In 1604, conqueror Felipe Monje Merino arrived in the New World seeking the prevailing American dream, but after repeated military failures settled in Cartago, Costa Rica, marrying Francisca López with whom he procreated two children. It is not known whether either was deaf, but we know for certain that six generation later three descendants bearing his surname (now changed to Monge) became deaf, after being born with normal audition. Late onset deafness in this family, that begins with low frequency loss, is a dominant genetic mutation that results from a single base mutation, a change of a G for a T.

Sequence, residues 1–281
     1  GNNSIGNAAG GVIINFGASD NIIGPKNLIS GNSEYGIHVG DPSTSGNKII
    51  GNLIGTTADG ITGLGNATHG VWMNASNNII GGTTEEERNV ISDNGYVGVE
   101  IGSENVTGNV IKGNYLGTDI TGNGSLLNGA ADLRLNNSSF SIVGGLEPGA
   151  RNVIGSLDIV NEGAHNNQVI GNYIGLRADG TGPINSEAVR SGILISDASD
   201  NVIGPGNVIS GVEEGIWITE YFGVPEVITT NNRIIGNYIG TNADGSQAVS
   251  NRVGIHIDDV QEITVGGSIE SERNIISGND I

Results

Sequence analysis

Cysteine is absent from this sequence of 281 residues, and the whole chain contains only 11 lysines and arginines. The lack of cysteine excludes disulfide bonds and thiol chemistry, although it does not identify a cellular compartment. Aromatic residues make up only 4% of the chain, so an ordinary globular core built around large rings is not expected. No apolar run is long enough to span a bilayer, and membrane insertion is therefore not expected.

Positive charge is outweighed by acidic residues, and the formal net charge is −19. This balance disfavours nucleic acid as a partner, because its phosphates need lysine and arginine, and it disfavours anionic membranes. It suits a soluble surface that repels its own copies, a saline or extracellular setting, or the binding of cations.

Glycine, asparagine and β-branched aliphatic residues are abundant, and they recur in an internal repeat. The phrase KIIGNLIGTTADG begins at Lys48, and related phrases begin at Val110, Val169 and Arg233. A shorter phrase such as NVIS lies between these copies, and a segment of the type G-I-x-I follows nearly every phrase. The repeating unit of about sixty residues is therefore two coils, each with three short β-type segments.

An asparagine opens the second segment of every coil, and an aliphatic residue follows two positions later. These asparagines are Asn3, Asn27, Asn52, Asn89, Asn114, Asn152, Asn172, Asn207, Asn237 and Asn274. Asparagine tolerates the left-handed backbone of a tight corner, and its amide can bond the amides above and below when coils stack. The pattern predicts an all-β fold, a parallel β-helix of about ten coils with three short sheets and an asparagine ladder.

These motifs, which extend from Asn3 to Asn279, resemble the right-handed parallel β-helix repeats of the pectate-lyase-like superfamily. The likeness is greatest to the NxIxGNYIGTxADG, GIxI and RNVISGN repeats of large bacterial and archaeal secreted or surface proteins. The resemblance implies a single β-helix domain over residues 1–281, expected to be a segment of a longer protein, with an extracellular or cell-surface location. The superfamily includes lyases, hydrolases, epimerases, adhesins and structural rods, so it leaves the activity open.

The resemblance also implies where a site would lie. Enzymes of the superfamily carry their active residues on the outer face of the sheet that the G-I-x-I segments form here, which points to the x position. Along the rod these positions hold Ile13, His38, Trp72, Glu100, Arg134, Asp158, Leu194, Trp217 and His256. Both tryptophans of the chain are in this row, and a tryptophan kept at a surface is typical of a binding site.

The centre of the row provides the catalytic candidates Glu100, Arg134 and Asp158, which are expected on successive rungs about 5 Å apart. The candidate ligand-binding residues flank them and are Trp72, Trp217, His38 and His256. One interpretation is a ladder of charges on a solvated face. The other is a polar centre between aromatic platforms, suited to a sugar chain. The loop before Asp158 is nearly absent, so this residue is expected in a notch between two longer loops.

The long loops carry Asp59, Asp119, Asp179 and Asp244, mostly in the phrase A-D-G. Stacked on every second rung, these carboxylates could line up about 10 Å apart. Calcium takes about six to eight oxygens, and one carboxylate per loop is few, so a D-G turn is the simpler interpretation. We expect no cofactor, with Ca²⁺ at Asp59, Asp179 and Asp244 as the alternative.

This book describes the hunt for the mutation that causes deafness, and the discovery of this single-letter change that affects a gene named human diaphanous 1. Diaphanous is one of three similar genes that help regulate the actin cytoskeleton of the hair cells in the organ of Corti, the actual sensors for sound vibrations. The research was the result of a sustained collaboration of the Monge family with many scientists from Costa Rica and the USA.
|Año||1 ed., 2017|
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